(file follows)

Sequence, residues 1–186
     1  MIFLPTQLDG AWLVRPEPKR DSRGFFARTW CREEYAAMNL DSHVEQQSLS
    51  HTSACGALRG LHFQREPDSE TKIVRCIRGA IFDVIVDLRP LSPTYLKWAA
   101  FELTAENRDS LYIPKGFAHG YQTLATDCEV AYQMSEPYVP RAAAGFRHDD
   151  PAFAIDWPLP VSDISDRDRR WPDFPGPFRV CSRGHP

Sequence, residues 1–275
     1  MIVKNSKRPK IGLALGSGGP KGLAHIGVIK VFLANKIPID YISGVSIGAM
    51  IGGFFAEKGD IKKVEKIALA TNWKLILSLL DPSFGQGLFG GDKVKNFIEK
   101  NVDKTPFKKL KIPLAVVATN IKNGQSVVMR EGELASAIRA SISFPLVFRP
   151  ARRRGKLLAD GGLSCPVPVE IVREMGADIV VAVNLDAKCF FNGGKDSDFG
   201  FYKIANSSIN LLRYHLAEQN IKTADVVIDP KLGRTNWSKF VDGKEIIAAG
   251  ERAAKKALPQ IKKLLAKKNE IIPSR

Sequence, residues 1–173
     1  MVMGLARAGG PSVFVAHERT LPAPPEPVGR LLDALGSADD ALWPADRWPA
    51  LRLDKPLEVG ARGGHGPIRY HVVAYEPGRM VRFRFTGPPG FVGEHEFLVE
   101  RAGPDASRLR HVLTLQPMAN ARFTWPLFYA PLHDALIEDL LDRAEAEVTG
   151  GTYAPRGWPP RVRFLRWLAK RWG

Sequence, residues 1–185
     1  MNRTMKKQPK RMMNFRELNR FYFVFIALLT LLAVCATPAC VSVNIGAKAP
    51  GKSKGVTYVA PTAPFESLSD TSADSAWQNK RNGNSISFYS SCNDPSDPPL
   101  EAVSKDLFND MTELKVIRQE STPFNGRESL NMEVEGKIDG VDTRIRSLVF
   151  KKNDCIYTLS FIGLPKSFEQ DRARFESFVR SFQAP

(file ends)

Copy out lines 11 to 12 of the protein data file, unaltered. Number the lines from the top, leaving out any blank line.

   201  FYKIANSSIN LLRYHLAEQN IKTADVVIDP KLGRTNWSKF VDGKEIIAAG
   251  ERAAKKALPQ IKKLLAKKNE IIPSR